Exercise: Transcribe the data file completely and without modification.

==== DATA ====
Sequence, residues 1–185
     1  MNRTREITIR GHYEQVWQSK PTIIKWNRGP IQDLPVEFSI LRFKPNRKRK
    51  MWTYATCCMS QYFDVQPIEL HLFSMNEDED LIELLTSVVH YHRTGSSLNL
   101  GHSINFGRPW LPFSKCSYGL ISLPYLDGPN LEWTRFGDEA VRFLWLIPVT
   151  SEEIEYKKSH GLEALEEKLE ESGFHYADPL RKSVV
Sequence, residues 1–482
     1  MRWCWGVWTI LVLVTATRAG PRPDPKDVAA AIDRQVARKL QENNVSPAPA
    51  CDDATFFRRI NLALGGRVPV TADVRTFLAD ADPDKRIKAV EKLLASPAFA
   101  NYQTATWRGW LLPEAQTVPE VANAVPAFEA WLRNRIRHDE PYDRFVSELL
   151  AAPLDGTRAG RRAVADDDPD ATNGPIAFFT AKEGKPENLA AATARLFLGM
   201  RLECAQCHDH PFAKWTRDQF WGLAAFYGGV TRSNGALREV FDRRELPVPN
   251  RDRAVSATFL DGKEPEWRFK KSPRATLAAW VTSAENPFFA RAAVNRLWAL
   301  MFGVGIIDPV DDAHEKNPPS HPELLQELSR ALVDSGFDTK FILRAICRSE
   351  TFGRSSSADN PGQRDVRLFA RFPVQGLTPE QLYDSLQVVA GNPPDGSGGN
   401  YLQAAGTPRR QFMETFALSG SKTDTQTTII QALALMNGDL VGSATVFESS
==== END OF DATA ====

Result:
Sequence, residues 1–185
     1  MNRTREITIR GHYEQVWQSK PTIIKWNRGP IQDLPVEFSI LRFKPNRKRK
    51  MWTYATCCMS QYFDVQPIEL HLFSMNEDED LIELLTSVVH YHRTGSSLNL
   101  GHSINFGRPW LPFSKCSYGL ISLPYLDGPN LEWTRFGDEA VRFLWLIPVT
   151  SEEIEYKKSH GLEALEEKLE ESGFHYADPL RKSVV
Sequence, residues 1–482
     1  MRWCWGVWTI LVLVTATRAG PRPDPKDVAA AIDRQVARKL QENNVSPAPA
    51  CDDATFFRRI NLALGGRVPV TADVRTFLAD ADPDKRIKAV EKLLASPAFA
   101  NYQTATWRGW LLPEAQTVPE VANAVPAFEA WLRNRIRHDE PYDRFVSELL
   151  AAPLDGTRAG RRAVADDDPD ATNGPIAFFT AKEGKPENLA AATARLFLGM
   201  RLECAQCHDH PFAKWTRDQF WGLAAFYGGV TRSNGALREV FDRRELPVPN
   251  RDRAVSATFL DGKEPEWRFK KSPRATLAAW VTSAENPFFA RAAVNRLWAL
   301  MFGVGIIDPV DDAHEKNPPS HPELLQELSR ALVDSGFDTK FILRAICRSE
   351  TFGRSSSADN PGQRDVRLFA RFPVQGLTPE QLYDSLQVVA GNPPDGSGGN
   401  YLQAAGTPRR QFMETFALSG SKTDTQTTII QALALMNGDL VGSATVFESS